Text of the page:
Nutritional Diagnostics – Here Are 7 Tips

Disease breaks. Mortality. Less-than-ideal production metrics. Looking for answers to challenges in your herd? Josh Flohr, technical and production support manager at Seaboard Foods, says nutritional diagnostics – analyzing feed, tissue, or serum samples to determine the exact level of a nutrient or the corresponding metabolite of a nutrient in the animal – may be what you need to better understand the issues your herd is facing. Flohr offered a few tips for diagnostic sampling during the Allen D. Leman Swine Conference in Minneapolis this week.

1. Sample from both the general population and challenge population.
Producers often collect samples from the challenged population to determine their nutritional status, but Flohr says it’s important to also sample your general population to obtain a “control” or baseline. For example, if you sample from a fall-behind pig that likely has not eaten in multiple days, it makes sense that the pig’s nutritional status is below a normal threshold.

2. Does the clinical pathology fit the clinical symptoms?
Imagine your herd is showing classical signs of mulberry heart disease, Flohr says. Serum samples are sent in. The diagnostics show low circulating Vitamin E levels. This is logical. However, in a second example, imagine your herd is experiencing high rates of scours in 25- to 50-pound pigs. Serum results suggest Vitamin D levels are low. In this case, Flohr says he would not conclude these issues are related because they have never been proven to be related before.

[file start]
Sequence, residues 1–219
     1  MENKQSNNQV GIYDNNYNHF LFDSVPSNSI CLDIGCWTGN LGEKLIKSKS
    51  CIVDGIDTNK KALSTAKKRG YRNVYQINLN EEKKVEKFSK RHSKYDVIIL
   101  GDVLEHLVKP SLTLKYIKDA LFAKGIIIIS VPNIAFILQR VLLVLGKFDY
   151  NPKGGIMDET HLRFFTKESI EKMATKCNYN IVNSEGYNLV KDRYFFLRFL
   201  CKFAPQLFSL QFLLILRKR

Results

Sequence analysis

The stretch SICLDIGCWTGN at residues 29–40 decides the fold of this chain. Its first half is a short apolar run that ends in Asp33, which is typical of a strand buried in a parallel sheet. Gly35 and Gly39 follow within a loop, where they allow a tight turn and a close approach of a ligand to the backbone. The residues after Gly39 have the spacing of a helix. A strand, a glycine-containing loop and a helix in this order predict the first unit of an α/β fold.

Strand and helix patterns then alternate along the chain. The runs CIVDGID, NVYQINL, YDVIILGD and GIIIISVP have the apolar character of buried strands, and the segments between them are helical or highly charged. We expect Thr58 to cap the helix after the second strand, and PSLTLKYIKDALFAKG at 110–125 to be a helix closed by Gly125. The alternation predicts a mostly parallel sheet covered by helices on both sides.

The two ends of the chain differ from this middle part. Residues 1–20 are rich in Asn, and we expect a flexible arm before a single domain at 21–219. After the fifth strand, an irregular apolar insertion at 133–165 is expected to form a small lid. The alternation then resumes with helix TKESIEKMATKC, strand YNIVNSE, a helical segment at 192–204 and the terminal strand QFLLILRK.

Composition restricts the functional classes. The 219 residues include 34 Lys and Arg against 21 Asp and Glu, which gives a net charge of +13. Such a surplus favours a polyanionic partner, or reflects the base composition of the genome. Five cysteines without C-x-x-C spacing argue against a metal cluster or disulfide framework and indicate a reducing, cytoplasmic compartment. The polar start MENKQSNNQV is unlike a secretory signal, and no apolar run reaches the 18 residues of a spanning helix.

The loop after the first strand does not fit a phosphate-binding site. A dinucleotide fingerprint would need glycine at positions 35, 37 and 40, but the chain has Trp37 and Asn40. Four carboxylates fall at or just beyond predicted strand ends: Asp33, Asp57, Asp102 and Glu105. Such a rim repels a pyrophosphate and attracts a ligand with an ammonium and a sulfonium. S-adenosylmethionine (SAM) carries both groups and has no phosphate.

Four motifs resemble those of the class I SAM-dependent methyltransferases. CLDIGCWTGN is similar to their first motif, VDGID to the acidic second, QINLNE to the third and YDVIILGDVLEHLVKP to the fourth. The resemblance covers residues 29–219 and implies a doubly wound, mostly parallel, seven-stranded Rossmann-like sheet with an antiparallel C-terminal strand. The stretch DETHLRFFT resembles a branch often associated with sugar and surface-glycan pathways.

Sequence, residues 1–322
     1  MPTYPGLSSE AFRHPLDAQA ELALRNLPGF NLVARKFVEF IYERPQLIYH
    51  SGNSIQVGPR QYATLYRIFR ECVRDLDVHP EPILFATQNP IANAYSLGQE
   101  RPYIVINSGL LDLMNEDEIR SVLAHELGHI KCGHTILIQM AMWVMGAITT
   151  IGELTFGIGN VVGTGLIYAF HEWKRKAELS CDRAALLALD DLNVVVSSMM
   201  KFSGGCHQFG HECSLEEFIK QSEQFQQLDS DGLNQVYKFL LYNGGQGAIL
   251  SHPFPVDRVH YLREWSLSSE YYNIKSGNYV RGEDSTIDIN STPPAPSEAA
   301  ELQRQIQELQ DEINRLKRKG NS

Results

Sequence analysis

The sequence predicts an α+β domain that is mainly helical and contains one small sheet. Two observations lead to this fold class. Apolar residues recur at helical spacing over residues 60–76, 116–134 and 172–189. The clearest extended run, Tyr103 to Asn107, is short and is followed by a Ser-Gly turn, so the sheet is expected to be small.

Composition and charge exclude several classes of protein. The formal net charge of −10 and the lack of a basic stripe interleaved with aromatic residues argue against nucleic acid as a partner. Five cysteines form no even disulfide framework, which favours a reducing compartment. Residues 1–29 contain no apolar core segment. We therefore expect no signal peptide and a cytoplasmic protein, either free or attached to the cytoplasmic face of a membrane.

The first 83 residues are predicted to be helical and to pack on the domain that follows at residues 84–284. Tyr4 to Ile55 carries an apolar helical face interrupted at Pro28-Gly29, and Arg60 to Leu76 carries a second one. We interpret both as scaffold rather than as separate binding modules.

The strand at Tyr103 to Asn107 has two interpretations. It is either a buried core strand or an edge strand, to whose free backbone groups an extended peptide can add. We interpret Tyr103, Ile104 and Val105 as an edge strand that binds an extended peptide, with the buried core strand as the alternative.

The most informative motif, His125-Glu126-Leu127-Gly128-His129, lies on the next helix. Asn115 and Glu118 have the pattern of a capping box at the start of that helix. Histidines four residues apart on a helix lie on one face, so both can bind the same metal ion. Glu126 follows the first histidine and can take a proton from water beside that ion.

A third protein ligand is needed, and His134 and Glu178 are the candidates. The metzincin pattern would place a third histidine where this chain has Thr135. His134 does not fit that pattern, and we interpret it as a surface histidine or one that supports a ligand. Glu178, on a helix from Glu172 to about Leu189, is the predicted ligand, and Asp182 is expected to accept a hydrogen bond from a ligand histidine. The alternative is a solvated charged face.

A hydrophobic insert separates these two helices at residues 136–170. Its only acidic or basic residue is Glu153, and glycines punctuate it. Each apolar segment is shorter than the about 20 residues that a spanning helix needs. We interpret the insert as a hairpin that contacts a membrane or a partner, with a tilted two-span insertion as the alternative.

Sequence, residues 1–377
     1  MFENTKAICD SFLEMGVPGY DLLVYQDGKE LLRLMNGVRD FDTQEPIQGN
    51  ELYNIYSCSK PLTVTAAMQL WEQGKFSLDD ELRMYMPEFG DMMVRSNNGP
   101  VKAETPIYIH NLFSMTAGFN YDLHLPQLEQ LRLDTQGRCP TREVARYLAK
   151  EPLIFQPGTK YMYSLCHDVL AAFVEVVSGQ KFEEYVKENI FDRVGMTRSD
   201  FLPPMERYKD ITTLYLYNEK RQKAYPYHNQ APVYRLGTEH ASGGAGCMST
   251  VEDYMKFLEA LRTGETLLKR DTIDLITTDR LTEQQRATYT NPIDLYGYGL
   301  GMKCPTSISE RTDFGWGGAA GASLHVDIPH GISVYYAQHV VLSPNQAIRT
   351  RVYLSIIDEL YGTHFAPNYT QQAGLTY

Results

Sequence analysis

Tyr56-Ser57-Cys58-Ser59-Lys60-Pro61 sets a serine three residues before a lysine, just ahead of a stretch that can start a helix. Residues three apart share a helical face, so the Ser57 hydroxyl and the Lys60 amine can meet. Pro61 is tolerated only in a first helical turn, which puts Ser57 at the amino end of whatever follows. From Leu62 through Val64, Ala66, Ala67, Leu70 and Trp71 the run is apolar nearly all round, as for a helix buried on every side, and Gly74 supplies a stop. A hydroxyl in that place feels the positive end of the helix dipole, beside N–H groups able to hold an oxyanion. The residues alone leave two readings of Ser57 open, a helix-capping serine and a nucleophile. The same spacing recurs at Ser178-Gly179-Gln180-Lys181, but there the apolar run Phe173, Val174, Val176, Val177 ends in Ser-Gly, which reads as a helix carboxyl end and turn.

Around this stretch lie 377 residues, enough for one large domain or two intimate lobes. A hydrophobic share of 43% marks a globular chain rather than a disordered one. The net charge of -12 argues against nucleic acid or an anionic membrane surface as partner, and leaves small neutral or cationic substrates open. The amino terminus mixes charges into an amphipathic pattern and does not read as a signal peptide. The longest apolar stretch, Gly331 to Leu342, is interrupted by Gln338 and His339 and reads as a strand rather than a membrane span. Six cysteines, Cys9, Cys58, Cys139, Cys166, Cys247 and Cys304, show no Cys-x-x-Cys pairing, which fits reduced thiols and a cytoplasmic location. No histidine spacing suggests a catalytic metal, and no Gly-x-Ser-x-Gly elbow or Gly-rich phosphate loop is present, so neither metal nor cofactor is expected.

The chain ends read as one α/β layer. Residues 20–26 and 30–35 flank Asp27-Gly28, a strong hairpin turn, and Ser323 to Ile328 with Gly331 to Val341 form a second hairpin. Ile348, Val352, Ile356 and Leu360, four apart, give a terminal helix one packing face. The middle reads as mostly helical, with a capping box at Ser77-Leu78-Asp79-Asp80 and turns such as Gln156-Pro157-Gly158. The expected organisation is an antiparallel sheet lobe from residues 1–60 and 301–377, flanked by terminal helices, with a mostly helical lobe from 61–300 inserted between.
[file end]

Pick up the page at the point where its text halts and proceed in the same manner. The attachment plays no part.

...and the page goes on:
3. Understand the metabolic marker being analyzed.
Sometimes the marker of nutrient status is not the same as the active metabolite in the body, he adds. Understanding the relationship and metabolism of the nutrient may help draw inference from the analytical results.

4. If results are accompanied by reference ranges, understand the source of the reference range.
If the lab provides a reference range, find out how the reference range was established. If you are sampling tissues from a neonatal pig and the reference range was established in adult animals, or another species, it would not be surprising that the results are different, Flohr says.

5. Understand analytical procedures and variation associated with them.
It’s important to understand the basic analytical procedures and understand variations that can occur. For example, many people send in bones to determine bone ash values which can be used to assess the Calcium and Phosphorus status of the animal. He says results typically come back lower than the reference range because the reference ranges use “defatted bones.” Most labs do not defat the bones prior to ashing, which lowers the ash content. In addition, the type of bone analyzed could greatly affect what a normal ash content would be.

6. Identify the expected analytical error associated with testing.
There is always error associated with analytical techniques, but some nutrients and procedures introduce more error than others, he says. A good example of this is analysis of vitamins in complete feed. It’s tough to do, and for some vitamins, you can see up to 40% error. However, if you analyze a vitamin premix (less complex matrix), then the analytical error is much less. When Flohr analyzes for vitamins, he typically tests premix for quantification purposes and evaluates feed mill batching records to determine whether the right amount of premix went into the feed. Finally, he uses the complete feed analysis mainly as a “yes” or “no” answer to whether the vitamin is present in the diet, rather than rely on the quantitative result.

7. Communicate with your nutritionist.
Don’t be afraid to communicate with a nutritionist to review results and provide some perspective on their experiences in testing.

 
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